Uncovering black history is always important

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When Arturo Alfonso Schomburg was a young boy, he was told by one of his teachers that black people have "had no history, heroes or accomplishments." He could have believed it and let it ground whatever fledgling dreams had begun to take flight in his young mind. He could have taken it as an excuse to never strive to improve his lot in life. He did neither. Instead, he became the foremost authority on African and African-American history in the world in his lifetime.

He was born in Santurce, P.R., to a German merchant and a free-born black midwife from St. Croix. It was a birthright that afforded him many advantages and opportunities, not the least of which was an education at time when most black people were one generation or less out of enslavement and still forbidden to learn to read and write in many parts of the world. He did not take his opportunity to attain knowledge for granted. This man, who is best known as Arthur Schomburg, spent his life seeking information and spreading awareness of the accomplishments of African-Americans and Latin-Americans of African descent.

He was a historian and writer who amassed a vast collection of literature, art, narratives and African historical pieces. His collection eventually became what is now the Schomburg Center for Research in Black Culture at the New York Public Library in Harlem.

Schomburg spent his life unearthing the story of our people. His legacy is the knowledge that future generations will be able to know the breadth and depth of our contributions as a people to the human story. The irony of that is that here we are, only a few generations later, questioning or worse ignoring, the importance of Black History Month. Schomburg knew there was more to the story than he was expected to believe, according to his teacher. His life's work should do more than inform us, however; it should inspire us to continue the search.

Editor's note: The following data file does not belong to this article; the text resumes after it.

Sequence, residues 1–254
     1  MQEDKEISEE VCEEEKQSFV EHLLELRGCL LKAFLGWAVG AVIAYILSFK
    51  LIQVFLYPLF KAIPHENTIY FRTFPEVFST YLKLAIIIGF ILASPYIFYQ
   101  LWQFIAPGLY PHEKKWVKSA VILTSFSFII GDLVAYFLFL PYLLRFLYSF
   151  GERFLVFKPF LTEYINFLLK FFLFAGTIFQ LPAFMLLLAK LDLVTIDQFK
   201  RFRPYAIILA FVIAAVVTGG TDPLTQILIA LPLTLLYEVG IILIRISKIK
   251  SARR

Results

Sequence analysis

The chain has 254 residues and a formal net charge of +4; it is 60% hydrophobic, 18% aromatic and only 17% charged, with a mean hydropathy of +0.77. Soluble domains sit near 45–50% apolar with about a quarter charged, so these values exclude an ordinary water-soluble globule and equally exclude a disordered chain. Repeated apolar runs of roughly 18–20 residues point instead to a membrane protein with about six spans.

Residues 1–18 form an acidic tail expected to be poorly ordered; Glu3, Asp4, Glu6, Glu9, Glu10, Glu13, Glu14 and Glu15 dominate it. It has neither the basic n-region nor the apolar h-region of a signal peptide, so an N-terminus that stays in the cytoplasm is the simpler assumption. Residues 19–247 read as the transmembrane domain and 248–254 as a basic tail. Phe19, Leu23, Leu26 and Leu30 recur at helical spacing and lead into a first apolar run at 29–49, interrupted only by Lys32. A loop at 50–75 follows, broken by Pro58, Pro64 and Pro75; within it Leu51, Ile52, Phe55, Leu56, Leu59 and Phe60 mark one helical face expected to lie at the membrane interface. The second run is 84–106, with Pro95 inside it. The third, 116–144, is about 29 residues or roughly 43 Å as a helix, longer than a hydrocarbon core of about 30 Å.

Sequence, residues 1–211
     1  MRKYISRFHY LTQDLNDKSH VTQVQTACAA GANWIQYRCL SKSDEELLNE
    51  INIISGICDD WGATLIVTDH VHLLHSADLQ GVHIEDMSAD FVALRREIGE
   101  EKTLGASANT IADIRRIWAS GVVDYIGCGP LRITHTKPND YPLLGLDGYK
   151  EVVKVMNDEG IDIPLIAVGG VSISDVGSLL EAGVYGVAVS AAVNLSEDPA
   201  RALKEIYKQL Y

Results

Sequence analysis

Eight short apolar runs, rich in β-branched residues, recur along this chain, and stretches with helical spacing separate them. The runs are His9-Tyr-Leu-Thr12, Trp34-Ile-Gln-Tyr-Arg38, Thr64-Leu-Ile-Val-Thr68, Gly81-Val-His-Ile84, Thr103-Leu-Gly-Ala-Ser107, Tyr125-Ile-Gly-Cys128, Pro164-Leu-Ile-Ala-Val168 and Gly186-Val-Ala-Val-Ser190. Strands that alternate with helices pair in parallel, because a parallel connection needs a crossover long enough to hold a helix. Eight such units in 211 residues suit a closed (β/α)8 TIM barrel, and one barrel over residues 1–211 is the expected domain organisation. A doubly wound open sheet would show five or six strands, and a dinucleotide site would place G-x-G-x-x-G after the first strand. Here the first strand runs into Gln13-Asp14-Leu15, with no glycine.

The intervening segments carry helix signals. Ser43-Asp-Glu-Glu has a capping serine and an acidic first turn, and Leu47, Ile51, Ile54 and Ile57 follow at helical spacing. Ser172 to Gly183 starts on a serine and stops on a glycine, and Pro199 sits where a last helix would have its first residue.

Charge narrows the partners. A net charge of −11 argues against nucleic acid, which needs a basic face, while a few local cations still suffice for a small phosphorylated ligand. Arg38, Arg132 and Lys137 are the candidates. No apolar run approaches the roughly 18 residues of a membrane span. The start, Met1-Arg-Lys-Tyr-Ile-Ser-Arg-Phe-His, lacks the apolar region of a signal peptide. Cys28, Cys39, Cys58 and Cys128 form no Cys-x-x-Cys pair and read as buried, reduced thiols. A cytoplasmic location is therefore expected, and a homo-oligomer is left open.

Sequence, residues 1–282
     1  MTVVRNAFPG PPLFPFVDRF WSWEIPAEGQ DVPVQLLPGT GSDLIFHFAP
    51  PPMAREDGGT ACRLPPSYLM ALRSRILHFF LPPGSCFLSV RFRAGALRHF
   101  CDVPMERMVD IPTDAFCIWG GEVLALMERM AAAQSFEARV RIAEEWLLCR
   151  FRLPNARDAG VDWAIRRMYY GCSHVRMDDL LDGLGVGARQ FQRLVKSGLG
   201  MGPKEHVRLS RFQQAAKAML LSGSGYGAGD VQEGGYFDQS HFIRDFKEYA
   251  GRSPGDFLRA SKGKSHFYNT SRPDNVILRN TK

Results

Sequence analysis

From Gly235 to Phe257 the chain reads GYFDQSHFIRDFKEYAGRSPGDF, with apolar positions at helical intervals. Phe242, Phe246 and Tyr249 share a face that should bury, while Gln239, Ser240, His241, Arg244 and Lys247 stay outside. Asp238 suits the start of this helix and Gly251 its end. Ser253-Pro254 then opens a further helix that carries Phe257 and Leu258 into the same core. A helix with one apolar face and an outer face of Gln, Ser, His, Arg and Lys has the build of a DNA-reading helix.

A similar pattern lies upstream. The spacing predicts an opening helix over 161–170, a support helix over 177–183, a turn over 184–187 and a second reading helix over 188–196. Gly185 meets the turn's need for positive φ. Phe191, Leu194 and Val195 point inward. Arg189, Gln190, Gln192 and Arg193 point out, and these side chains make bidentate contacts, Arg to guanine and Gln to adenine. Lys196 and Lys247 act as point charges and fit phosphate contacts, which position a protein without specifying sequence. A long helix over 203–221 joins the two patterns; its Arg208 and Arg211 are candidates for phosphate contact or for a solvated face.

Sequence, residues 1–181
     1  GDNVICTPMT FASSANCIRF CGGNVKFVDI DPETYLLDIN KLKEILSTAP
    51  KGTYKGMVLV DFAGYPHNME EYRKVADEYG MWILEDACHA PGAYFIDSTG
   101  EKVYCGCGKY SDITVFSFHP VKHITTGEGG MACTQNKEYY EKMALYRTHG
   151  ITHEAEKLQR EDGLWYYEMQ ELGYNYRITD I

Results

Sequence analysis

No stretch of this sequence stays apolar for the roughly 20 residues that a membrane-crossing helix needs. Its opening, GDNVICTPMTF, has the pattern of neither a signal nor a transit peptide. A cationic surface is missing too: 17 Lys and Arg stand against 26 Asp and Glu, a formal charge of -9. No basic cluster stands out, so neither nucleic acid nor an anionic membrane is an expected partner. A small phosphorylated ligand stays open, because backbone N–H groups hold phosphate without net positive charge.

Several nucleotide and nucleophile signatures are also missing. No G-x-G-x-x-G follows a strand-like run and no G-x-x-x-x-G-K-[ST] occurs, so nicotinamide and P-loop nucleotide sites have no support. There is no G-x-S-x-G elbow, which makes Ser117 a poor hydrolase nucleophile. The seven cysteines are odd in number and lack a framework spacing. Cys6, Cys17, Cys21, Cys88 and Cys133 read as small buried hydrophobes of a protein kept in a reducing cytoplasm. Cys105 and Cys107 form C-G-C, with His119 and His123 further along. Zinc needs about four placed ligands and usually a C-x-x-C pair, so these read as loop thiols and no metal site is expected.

There has not been a day or a week in which people of African descent stopped making history. There has been no cut off to our accomplishments. Our story continues because we continue. That is the main reason why Black History Month is still relevant and important. Black History Month grounds us and lifts us. It ties us to our past and present and gives us guidance for our future.

It is great to learn about the great men and women of our past. Garrett Morgan was an amazing inventor whose products seismically changed the way we live our lives. We go through traffic lights dozens, if not hundreds of times a day. The gas mask has saved millions of lives.

We also need to know about Dr. Henry Sampson, the first African-American to earn a PhD in nuclear engineering. In 1971, he invented the gamma electric cell, which converts radiation into electricity. Why is this significant you ask? It allows sending and receiving audio signals though radio waves without wires. This technology led to perhaps the most ubiquitous product of modern times, the cell phone.

It's important to know about the Dogon people of West Africa. Among the many interesting things about them is the amazing amount of knowledge they were known to have about astronomy, particularly the about the star Sirius. They knew astronomical facts without the aid of machines and instruments considered essential by modern astronomers.

It is equally as important to know about astrophysicist Neil deGrasse Tyson. He has a list of awards and accomplishments as long as Shaq's arm, including the NASA Distinguished Public Service Medal. If there is such a thing as a rock star astrophysicist, he is one. He is perhaps best known, however, as one of the people who decided Pluto was no longer a full-fledged planet anymore.

History has the odd distinction of being linear and circular. Our story does not stop. We don't know its beginning and will never see its end. The responsibility of learning and telling our story is picked up by every generation from its predecessors and passed on to the next generation. We don't have to find our history just in libraries and museums. We can look around us and see it every day. We can live it through our actions and aspirations.

We have to uncover our past because it has been deliberately buried and distorted to make us devalue ourselves. We also need to write our present so that future generations will always know their worth.

- Mariel Blake writes a weekly column for The Daily News.

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